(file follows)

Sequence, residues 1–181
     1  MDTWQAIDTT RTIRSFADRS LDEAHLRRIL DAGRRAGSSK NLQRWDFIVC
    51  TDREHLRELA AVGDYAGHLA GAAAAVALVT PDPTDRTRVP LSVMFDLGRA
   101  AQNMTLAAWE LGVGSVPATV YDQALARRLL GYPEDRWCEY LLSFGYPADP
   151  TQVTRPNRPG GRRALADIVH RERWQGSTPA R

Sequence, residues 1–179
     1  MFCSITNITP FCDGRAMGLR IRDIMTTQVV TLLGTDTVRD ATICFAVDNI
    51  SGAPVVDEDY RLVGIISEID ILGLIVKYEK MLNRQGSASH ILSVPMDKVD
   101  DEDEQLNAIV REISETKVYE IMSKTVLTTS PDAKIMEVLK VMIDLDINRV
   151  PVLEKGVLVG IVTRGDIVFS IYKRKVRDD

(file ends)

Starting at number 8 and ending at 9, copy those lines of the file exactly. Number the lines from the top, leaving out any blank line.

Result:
    51  SGAPVVDEDY RLVGIISEID ILGLIVKYEK MLNRQGSASH ILSVPMDKVD
   101  DEDEQLNAIV REISETKVYE IMSKTVLTTS PDAKIMEVLK VMIDLDINRV